Human beings tend to seek comfort in certain things as an emotional response.

For example, a family member or friend’s death may cause one to never leave their house, or never want to be alone. Similarly, some people find their comfort in food regardless of their situation or emotional feelings.

There are indicating factors as to what triggers an emotional response and emotional eating is a result of such factors. Carol Cottrill, certified nutritionist, says “Emotional eating is when one eats for reasons other than actual hunger”.

Here are five signs that indicate you have an emotional eating problem.

You Eat Whether Happy, Sad, Bored, Stressed or Anxious

If your day revolves around picking up that soft drink or eating those tasty chips, then you are emotionally eating. Amie Valpone, culinary nutritionist and personal chef says that, “anxiety and stress tend to translate into emotional eating”.

Think about a time when you were stressed and the dopamine release from food made you feel relieved. Now think about a time when you were happy and you decided to dive into a piece of cake… see it’s all coming back to you now.

We must develop good habits and this starts with making a healthy eating plan and sticking to it.

What are methods to prevent this eating due to your different emotions?

  • Get to the root of the issue causing the emotions. For this you can work with a behavior specialist or hypnotherapist.
  • Change your habits so you go for the healthy snacks. This can take time but it works if you stick with it.

You Lack Self Control

Self-control will cause us to do things that we don’t necessarily want to do but we do them anyway because it just seems too easy not to do. Take a step back and understand yourself as a person.

In my health coaching practice, I ask clients in which area of their life do they have self-control? We all have self-control in another area of our life – whether it’s getting to meetings on time; spending only on certain items; keeping the phone away when working on important projects; drinking alcohol only at a social gatherings; cleaning; or anything else.

Why is it important to you to have self-control in that area? Now, can you cross over that kind of thinking and importance to your eating habits?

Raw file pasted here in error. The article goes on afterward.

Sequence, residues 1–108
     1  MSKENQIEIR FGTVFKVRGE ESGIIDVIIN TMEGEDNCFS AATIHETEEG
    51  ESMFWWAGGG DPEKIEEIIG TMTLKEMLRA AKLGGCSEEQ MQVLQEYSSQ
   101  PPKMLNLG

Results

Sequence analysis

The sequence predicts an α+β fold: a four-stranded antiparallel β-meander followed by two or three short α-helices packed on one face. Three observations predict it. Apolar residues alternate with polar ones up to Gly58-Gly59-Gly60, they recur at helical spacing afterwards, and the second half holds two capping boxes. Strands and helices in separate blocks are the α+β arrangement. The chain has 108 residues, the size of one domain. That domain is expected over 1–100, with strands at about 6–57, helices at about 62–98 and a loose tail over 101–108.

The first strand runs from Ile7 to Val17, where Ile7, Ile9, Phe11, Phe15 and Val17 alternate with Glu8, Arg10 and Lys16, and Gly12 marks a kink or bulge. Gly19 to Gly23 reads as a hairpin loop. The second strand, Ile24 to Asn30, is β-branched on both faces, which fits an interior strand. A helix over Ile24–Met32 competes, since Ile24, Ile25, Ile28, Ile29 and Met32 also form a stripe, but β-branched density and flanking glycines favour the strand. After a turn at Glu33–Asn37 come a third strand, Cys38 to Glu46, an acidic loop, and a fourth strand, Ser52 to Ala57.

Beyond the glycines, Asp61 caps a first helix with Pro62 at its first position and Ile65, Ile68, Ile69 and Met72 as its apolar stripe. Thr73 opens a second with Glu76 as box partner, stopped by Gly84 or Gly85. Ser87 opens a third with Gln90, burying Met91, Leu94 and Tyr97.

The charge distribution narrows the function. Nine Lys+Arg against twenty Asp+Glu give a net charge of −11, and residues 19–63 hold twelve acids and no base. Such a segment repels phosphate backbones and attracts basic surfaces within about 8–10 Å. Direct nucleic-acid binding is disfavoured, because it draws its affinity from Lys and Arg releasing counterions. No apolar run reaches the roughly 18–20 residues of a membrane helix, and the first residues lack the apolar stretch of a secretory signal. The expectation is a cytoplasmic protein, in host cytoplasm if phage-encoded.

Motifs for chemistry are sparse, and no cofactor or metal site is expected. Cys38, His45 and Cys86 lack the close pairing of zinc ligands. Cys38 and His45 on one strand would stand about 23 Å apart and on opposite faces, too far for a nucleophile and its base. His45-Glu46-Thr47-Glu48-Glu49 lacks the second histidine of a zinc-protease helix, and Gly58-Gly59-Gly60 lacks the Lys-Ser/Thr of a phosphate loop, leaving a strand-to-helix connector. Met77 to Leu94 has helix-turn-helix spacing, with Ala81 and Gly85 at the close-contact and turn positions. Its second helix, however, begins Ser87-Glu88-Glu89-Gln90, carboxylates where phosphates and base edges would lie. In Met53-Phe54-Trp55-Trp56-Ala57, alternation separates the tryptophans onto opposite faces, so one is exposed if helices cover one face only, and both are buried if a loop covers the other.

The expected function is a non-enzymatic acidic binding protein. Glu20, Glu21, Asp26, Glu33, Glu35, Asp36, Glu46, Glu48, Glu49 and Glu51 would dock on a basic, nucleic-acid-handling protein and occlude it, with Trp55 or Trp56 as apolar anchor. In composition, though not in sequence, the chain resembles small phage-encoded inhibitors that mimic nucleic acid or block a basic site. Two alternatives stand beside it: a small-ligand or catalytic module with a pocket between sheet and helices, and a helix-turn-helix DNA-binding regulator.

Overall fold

You Have Not Found Other Ways to Deal With Your Problems

Food can and does replace exercise, meditation and therapy for many people because it hits all the pleasure spots! We must learn to deal with issues in the way that they should be dealt with.

Susan Albers, Psy.D., supports “learning calorie-free coping skills”. This really is the best way to avoid overeating as it occupies the minds towards other things.

Many of my clients say that mindless eating is also a problem. Mindless eating occurs when:

  • You put something in your mouth before even considering whether you’re hungry or not. Just because it’s there, you’ll put your hand out like a robot, pick it up and stick it in your mouth.
  • You watch TV or play on the computer or text while eating. You’re not connecting your mind and body in the act of eating.
  • Making unconscious choices about food based on instant gratification.

Calorie-Free Coping Skills

  • Pick a hobby that takes your focus away from food. For example, play a musical instrument, learn something new by watching YouTube videos or take evening recreational classes.
  • Exercise – it clears your mind and even helps you cope with any problems you may be facing that is causing you to eat emotionally.
  • Seek help to deal with your problem whether it’s a coach, advisor, mentor or even a family member.
  • Create rules for yourself. For example, brush teeth after dinner to avoid snacking.

Your Environment and/or Culture

Where you grew up and how the people around you eat, could be an indicator of your emotional eating habits. In many cultures it is customary to always eat when offered food. This could lead to eating when not hungry. Friends and family may be over eaters and you’ve developed the habit from your environment as a way to not feel left out.

“A study from the Journal of the Academy of Nutrition and Dietetics” has confirmed that people will naturally (subconsciously) match the equivalent quantities of food as the people they are eating with. Be sure to pay attention next time you’re in this situation.

You Don’t Realize You Are Overeating

This is probably the most obvious and the most frustrating reason because the emotional habit has literally consumed the person at this point. There is just no realization and therefore no action taken to counter this issue.

At this point, help is very necessary, and one should not be ashamed to reach out in order to restore their self-image and detrimental habits.

The short and long-term side effects are simply not worth neglecting emotional eating habits. Take charge of your health!

Schedule Your